By Moses Mulondo
Government has asked all Ugandans in the spirit of the East African Community to pray for peaceful elections in Kenya due on Monday.
Addressing journalists at the Media Centre in Kampala, information and national guidance minister Mary Karooro Okurut said, “Kenya is a very key neighbour to Uganda” and so “whatever happens to them also affects us.”
The minister commended Kenya’s electoral process which she considered to be peaceful, credible and a reflection of political maturity.
“The Government of the Republic of Uganda commends the Kenya Electoral Commission, the candidates, Electorate and all Kenyans for conducting themselves maturely, responsibly and with civility.
“As a result, the various activities of the election cycle, [right] from updating the voters’ register, nomination of candidates, campaigns, presidential debates have all been rolled out in a commendably sobre, calm and peaceful manner,” Karooro said.
The post-election violence which engulfed Kenya in 2007 was very costly and offered some painful lessons to both Kenya and Uganda.
“We believe that it is partly because of the sad lessons from the 2007 polls that more electoral reforms and safeguards were introduced to ensure a credible poll process and because of that, the Ugandan government has faith the entire process will end peacefully and cement the country’s democratic credentials,” she stated.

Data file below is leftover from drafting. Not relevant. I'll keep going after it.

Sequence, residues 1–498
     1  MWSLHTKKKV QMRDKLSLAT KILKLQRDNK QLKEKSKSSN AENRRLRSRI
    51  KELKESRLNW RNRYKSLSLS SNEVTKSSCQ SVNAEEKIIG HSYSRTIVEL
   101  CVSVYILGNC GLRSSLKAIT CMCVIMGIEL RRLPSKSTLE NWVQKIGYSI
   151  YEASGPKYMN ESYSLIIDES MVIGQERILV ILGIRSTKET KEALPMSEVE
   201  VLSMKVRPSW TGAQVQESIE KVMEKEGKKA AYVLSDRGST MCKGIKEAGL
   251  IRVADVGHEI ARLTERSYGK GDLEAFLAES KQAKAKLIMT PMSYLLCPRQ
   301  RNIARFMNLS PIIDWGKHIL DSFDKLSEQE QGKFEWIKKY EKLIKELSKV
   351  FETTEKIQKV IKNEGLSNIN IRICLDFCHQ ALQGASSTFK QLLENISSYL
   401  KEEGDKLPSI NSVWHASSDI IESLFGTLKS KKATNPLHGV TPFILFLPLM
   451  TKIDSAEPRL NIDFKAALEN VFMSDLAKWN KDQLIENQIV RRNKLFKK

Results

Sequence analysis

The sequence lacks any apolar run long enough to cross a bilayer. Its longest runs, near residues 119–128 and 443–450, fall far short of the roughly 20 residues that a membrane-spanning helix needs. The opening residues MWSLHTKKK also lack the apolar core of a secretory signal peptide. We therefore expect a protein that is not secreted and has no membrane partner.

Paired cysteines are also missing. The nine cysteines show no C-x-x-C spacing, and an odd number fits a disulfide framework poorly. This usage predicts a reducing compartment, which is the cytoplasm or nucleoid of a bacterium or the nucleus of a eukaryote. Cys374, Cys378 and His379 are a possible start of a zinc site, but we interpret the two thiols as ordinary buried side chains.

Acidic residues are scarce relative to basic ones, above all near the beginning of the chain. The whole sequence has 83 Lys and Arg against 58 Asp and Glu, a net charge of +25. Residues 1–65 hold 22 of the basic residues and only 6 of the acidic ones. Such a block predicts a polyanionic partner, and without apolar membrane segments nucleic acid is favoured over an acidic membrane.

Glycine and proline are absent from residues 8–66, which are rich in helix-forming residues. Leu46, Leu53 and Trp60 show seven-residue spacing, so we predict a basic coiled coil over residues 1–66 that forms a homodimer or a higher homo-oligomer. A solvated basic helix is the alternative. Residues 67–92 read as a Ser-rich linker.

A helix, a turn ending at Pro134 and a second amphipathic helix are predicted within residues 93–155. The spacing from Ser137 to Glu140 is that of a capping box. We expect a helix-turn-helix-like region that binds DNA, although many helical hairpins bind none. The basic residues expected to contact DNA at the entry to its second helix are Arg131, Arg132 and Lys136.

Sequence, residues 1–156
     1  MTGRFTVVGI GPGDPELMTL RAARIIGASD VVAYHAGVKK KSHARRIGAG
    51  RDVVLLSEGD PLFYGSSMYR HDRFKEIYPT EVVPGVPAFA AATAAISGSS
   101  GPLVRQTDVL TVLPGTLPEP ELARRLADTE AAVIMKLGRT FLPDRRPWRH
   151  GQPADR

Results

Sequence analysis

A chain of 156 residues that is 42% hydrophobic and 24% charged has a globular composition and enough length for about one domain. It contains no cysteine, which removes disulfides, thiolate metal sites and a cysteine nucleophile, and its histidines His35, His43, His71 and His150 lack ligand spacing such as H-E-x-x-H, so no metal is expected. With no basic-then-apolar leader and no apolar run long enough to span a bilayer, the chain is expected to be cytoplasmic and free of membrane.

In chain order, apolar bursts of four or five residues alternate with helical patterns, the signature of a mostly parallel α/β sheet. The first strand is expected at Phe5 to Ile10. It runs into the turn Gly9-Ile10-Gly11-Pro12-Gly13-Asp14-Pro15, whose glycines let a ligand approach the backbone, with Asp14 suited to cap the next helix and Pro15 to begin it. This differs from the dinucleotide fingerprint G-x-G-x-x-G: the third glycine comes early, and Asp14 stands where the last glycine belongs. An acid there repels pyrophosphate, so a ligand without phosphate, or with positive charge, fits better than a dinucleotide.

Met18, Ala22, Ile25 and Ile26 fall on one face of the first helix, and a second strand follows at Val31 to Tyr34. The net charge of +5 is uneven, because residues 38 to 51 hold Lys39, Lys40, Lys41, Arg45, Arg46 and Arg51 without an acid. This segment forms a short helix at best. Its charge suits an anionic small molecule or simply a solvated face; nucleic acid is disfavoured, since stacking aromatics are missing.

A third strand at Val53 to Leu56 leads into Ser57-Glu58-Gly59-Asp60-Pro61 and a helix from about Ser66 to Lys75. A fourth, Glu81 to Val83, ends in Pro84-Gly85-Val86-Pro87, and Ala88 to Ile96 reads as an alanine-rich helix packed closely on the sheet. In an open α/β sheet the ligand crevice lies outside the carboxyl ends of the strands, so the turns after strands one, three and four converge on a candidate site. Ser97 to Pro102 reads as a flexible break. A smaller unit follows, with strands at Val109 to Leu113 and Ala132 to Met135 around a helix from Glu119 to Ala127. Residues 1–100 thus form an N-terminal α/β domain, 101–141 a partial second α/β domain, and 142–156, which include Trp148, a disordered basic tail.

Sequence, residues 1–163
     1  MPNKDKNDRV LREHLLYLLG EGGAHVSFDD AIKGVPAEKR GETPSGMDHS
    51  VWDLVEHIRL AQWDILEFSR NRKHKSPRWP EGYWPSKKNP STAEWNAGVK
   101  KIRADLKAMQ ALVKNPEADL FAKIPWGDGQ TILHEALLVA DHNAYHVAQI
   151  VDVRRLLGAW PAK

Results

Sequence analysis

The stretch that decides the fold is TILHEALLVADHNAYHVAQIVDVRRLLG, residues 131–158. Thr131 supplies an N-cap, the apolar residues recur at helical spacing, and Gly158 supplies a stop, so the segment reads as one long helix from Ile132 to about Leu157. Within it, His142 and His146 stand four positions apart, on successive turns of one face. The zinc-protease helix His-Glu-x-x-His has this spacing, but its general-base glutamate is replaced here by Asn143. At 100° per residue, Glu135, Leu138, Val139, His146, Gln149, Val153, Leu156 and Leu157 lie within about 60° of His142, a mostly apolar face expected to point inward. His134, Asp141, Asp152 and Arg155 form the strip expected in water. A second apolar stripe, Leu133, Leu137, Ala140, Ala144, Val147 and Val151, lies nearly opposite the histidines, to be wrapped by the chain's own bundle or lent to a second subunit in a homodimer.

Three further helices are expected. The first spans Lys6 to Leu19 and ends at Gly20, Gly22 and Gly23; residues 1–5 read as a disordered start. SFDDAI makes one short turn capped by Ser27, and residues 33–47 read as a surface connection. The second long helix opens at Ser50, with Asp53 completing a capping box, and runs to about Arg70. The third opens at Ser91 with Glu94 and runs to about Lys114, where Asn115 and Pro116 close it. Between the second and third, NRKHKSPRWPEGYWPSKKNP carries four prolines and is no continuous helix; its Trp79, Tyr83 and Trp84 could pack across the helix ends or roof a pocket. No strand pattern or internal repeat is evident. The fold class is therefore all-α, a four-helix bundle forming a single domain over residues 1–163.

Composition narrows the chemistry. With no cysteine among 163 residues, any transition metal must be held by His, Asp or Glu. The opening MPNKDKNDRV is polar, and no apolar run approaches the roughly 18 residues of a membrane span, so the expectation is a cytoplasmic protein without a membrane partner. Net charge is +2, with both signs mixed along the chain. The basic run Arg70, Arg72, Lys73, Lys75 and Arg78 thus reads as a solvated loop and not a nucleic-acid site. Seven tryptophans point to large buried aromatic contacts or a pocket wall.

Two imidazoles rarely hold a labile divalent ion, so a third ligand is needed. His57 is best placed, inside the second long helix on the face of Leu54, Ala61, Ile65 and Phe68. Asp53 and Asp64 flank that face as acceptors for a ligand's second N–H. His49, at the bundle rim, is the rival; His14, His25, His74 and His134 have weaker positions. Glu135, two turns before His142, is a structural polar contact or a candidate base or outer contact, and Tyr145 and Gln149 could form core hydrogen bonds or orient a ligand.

The Uganda government also advises all the presidential candidates in the race to resort to the judicial process and avoid any extra-judicial attempts in case they are not satisfied with the outcome, so as to prevent a repeat of violence.
Asked whether the Uganda government has plans to amend the electoral reforms to conform to the multiparty system requirements like an electoral commission agreed upon by all stakeholders, Karooro said any proposals aimed at improving Uganda’s electoral process to make it more credible are welcome.
Uganda’s Electoral Commission official (EC) Tom Baruku this week said they have already embarked on drawing the roadmap for the 2016 elections – part of which will be tabling various electoral reforms in Parliament to improve Uganda’s electoral process.
The EC team led by the chairman Dr. Badru Kiggundu, Uganda’s Citizens Coalition for Electoral Democracy in Uganda (CCEDU) and Lydia Wanyoto who is coordinating the East African Community observer team are all in Kenya to observe and draw lessons from the country’s electoral process.
Under a new constitution which gave more autonomy to state institutions and led to the creation of an independent electoral commission, eight candidates are vying for the presidency of Kenya.
The candidates include Raila Odinga of the Orange Democratic Movement, Uhuru Kenyata of Kenya of National Alliance Party, Musalia Mudavadi of the Jubilee Coalition, Peter Kenneth of Kenya National Congress, Raphael Tuju of Party of Action, Joseph Ole Kiyiapi of Restore And Build Kenya Party and Martha Karua of NARC Kenya.
Most reports in the Kenya media have put Raila Odinga and Uhuru Kenyata in the lead followed by Musalia Mudavadi.